Wednesday, 30 November 2016

Vicarious liability - when will an employer be liable for the wrongful acts of an employee?

The recent High Court decision of Prince Alfred College Incorporated v ADC [2016] HCA 37 (PAC) provides guidance on the approach to be taken by courts in determining whether an employer is liable for the wrongful (criminal) acts of an employee. The previous leading case, New South Wales v Lepore [2003] HCA 4 (Lepore), provided no majority view in respect of this issue.

PAC is highly relevant to government departments and agencies, as it specifically concerns the approach to be applied in cases dealing with the abuse of vulnerable persons in educational, residential or care facilities, by persons employed in special positions with respect to these vulnerable persons.


In 1962, ADC was a 12-year-old boarder at Prince Alfred College in Adelaide (College). A senior housemaster and three housemasters, including Dean Bain (Bain), were in charge of the dormitories. Although the housemasters were present during meal times, prefects supervised the day-to-day activities of the junior boys, including showering and lights out. Bain was rostered on a few times a week, was often around during shower time, and told stories to the boys in the dormitory after lights out. The other housemasters did not supervise lights out and did not come into the dormitory. ADC alleged that Bain first molested him when Bain was telling a story during lights out, progressing to being molested in Bain's room, and on one occasion when Bain took him to a house where they spent the night together.

Primary proceeding 

ADC sued the College, arguing (among other things) that it was vicariously liable for Bain's abuse, which had caused him to suffer psychological injury. It was not in dispute that ADC had been abused by Bain, as he had been previously convicted of two counts of indecent assault against ADC. The primary judge dismissed the proceeding, declining to extend the time for ADC to bring proceedings. In respect of the vicarious liability claim, Vanstone J concluded that the sexual abuse was 'so far from being connected to Bain's proper role that it could neither be seen as being an unauthorised mode of performing an authorised act, nor in pursuit of the employer's business, nor in any sense within the course of Bain's employment'.

Appeal to Full Court

ADC appealed to the Full Court of the Supreme Court of South Australia, and was granted an extension of time to bring the proceeding. Each member of the Full Court also found the College to have been vicariously liable, but the approaches taken by the judges differed from that taken by the primary judge and differed as between themselves. Factors considered by the judges included the 'spectrum' of intimacy (in this case, ADC being a 12-year-old boarder with a housemaster exercising quasi-parental authority in respect of 'intimate' matters such as showering and bed), that the College enhanced the risk by allowing Bain access to the children without supervision, and that Bain was in a position of power over ADC, with respect to matters of order and discipline.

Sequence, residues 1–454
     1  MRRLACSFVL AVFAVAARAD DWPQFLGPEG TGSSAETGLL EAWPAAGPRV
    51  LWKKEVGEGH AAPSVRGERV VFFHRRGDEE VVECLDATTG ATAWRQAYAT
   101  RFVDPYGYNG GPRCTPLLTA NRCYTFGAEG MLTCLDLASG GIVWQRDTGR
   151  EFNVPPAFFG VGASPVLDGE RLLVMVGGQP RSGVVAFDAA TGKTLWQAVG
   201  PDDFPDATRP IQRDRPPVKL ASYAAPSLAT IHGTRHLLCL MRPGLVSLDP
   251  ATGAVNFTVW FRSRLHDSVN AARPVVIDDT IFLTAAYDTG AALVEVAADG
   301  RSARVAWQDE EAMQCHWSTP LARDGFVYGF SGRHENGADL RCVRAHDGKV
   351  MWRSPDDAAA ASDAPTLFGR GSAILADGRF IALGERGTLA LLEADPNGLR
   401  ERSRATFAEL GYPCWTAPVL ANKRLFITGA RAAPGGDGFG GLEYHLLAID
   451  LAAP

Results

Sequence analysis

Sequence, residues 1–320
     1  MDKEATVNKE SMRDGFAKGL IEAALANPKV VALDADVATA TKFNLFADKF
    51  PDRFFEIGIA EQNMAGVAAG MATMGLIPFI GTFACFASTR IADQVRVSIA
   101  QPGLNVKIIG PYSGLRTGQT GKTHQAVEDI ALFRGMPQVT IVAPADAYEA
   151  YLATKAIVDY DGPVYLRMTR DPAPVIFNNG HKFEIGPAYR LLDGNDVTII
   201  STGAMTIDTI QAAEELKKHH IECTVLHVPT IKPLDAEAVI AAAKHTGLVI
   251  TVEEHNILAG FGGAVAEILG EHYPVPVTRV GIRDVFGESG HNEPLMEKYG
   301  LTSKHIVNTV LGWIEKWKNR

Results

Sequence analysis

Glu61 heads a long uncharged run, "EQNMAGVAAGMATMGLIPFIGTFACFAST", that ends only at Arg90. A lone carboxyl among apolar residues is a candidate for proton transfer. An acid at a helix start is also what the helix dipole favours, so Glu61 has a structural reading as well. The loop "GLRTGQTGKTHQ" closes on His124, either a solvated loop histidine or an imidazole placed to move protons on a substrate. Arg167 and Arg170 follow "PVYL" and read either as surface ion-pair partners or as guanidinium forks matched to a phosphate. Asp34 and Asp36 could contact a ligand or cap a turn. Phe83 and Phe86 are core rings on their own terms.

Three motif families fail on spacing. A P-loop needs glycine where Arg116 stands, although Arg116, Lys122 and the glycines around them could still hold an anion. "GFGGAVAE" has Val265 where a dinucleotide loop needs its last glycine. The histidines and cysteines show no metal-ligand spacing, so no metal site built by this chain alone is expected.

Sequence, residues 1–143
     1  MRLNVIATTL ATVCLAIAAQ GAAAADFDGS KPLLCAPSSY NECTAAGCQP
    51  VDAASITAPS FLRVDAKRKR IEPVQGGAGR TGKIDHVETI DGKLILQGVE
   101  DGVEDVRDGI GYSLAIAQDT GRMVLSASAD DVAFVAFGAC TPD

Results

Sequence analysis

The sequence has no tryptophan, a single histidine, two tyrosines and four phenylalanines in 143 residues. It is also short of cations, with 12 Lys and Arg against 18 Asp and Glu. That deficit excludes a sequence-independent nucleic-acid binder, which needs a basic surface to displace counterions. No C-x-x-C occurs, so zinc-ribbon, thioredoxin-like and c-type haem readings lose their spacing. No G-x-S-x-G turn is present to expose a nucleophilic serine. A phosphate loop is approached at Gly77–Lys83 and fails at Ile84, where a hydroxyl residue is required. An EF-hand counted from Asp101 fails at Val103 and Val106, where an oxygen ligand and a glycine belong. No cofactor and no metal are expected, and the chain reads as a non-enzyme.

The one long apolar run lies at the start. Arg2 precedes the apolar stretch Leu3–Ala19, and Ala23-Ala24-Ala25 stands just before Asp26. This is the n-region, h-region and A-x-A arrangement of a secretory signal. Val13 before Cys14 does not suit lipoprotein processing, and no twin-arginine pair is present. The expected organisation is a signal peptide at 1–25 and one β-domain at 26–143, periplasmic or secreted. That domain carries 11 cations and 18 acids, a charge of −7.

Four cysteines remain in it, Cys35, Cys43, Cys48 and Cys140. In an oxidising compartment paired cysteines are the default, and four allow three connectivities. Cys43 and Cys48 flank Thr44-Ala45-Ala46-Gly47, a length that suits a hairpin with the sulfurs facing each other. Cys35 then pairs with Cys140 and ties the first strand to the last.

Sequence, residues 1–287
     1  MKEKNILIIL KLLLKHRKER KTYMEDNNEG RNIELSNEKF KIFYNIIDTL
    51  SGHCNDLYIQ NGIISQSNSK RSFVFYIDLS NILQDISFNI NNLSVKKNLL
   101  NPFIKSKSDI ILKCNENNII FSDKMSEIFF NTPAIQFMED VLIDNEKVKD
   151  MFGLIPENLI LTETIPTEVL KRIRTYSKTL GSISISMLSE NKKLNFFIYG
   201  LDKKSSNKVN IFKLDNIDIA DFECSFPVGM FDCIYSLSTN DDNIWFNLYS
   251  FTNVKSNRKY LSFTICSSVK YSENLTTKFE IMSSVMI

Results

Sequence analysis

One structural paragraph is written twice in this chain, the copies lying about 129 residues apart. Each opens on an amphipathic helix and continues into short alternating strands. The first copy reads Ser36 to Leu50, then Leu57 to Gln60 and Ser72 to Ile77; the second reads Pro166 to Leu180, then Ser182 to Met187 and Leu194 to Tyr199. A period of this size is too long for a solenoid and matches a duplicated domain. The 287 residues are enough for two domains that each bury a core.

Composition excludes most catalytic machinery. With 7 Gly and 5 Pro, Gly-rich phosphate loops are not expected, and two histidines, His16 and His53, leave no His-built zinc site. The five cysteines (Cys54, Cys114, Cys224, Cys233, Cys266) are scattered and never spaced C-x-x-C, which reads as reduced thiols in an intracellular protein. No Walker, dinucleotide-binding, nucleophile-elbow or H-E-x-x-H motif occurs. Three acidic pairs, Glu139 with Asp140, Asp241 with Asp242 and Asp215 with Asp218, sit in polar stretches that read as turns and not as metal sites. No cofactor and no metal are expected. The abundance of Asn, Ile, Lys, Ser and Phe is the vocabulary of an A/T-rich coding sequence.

Appeal to High Court 

The High Court allowed the appeal by the College on the basis that an extension of time to commence the proceeding should not have been granted by the Full Court, and that the issue of liability should not have been considered by the primary judge (ie after the judge had determined the proceeding was out of time). However, the High Court acknowledged that, since Lepore, lower courts have been left in an uncertain position about the approach that should be taken in vicarious liability cases of this kind, and that there was a need for guidance to reduce the risk of unnecessary appellate processes arising out of the existing uncertainties.

The relevant approach 

The majority judgment held that the fact that a wrongful act is a criminal offence does not preclude the possibility of vicarious liability, it being possible that in the commission of that act, the employee used or took advantage of the position in which the employment placed the employee in relation to the victim.

Their Honours considered therefore that the relevant approach in determining vicarious liability is to consider any special role that the employer has assigned to the employee, and the subsequent relationship between the employee and the victim, with particular regard to the following features:

  • Authority;
  • Power;
  • Trust;
  • Control; and
  • The ability to achieve intimacy with the victim. 

It was noted that the latter feature may be especially important, it being conceivable that where an employee takes advantage of his or her position in these circumstances, that may suffice to determine that the wrongful act should be regarded as being committed in the course or scope of employment, and as such render the employer vicariously liable. However, their Honours also noted that it was conceivable that while unlawful acts committed in a workplace would attract vicariously liability, some or all of such other unlawful acts committed outside the workplace would not (for example, the offending by Bain which occurred in a house).

The minority judgment accepted that the relevant approach described in the majority judgment will now be applied in Australia, but noted that it does not and cannot prescribe an absolute rule, and that applications of the approach must and will develop case by case.

Andrea Robinson
Principal Solicitor

Anna English
Managing Principal Solicitor

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